The best way to be sure it is, as you suggested, is to make your own.
    Isn’t baking soda a miracle product, seems like it can do anything.
    Thanks for sharing.

  8. Happy, happy to read this today–I was just trying to figure out how to best clean our tile floors. i’ve tried this and that and been unhappy with them. The vinegar is a much better solution. And I did not know about the labeling, Lenie. Ew, how I hate being mislead by advertising! I’ll be looking for the USA symbol from now on.

    • Happy you’re happy – got those tiles sparkling yet? When we have truth in advertising and labeling standards you would think someone would put a stop to these deceptive practices, but the more research I do, the more ‘creative’ marketing terms I discover. 🙂

  9. Hi Lenie, wow so if that Honest Company started by Jessica alba that she has made tons and tons of money from doesn’t have that seal for the US its probably not eco friendly as they claim? I’ll think I’ll save my money and makes my own chemical free cleaning supplies. 🙂

  10. I must confess I’ve always been suspicious of pretty much anything with the terms you referenced above. I’m still not convinced all of the vegetables in the market are actually “organic”. I do use baking soda and vinegar and made a note of the labels you shared that we could trust. This is great information Lenie, thanks!

    • Marquita, the more research I do into labeling and ‘eco-friendly/organic’ words, the more I find that the consumer is being totally snookered. We pay more for things that sound good but actually harm us. I know my cleaning cupboard has very few supplies and I intend to keep it that way. So keep on cleaning with the baking soda and vinegar – you know that can’t hurt you and it’s cheap as well.

  11. Interpreting labelling is getting tougher and tougher. I have always suspected that many of thke seemingly environmentally friendly labels you mentioned are really all about marketing rather than actual contents. And of course about higher prices. The real answer here is that products which aren’t safe should simply be taken off the shelves.

    • Ken, I so agree with you that those products should be banned. We have tremendous health care costs and new diseases coming out all the time and yet no one does anything. It’s like smoking back in the 50’s and 60’s. The tobacco companies (and I’m sure governments) knew smoking was harmful but there was lots of money to be made so they kept on promoting. Now we’re paying the price with lung cancer being top of the list of fatal cancers.

  12. I do try to make my own cleaning products when possible, but your post really makes clear how meaningless language can be. It’s all presented in a positive light, but what does it really all mean? Your post goes a long way toward helping clearing up some of the confusion. It makes me laugh too since something could indeed be biodegradable… 500 years down the road or more.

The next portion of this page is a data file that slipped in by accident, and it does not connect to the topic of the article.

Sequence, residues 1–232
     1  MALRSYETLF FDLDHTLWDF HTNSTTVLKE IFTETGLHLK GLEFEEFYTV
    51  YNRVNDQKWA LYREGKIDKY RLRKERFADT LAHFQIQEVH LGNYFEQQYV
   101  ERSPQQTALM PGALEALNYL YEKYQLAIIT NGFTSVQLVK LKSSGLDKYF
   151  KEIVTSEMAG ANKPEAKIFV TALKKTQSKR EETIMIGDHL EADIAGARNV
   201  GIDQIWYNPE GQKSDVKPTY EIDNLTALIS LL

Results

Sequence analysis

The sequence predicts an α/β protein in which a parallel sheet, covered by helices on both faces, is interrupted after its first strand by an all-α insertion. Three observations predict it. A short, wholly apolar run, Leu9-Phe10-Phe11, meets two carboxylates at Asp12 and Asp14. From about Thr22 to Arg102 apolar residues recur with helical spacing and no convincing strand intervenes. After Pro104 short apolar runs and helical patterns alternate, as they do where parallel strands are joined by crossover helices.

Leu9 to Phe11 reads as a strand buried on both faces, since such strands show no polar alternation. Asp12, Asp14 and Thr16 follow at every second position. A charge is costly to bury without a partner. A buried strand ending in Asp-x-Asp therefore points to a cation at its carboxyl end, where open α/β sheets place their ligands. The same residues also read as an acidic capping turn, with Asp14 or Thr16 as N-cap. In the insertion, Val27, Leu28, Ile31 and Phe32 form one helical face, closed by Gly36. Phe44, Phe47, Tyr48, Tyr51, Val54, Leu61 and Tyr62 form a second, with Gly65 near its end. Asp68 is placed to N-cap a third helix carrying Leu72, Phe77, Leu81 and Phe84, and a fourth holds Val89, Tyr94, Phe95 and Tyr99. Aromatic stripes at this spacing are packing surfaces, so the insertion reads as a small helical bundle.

• Jeri, I chuckled right along with you – everything decomposes sometime but if they don’t state when it can mean anything – just as you said 500 years or more. Amazing how things can be twisted, isn’t it?

  13. Aren’t marketing companies smart? They can just stick a generic term on a product and make it sound healthy. Thank you for the great list of homemade cleaning products. This is so helpful. I didn’t know that you could use vinegar alone to clean glass. I have a glass table that needs to be cleaned so I’m gonna give that a try right away!

    • Erica, I usually dilute the vinegar with water and pour it into a spray bottle but I don’t see any reason why it wouldn’t work straight-up. Another little tip, do the final polish with old crumpled up newspaper – I don’t know why it works but it does – gets rid of any leftover streaking.

  14. Interesting article.

    I use far too many cleaning products when I know full well that vinegar is a multi-purpose cleaner. Years ago, I came across a multi-purpose cleaner called Starlight or Starbright. It really did as it said on the label. I think it may have been discontinued as I have yet to see it on the shelves.

    I dislike buying 5/6 cleaners every time I do a shop. They each serve different purposes so it is difficult to eliminate any one.

    • Phoenicia, you are spending way to much on cleaners. Did you know that all those different cleaners you buy are basically the same thing and probably hazardous to use? When we bought our toilet the maintenance instructions actually said NOT to use harsh cleansers but to use vinegar?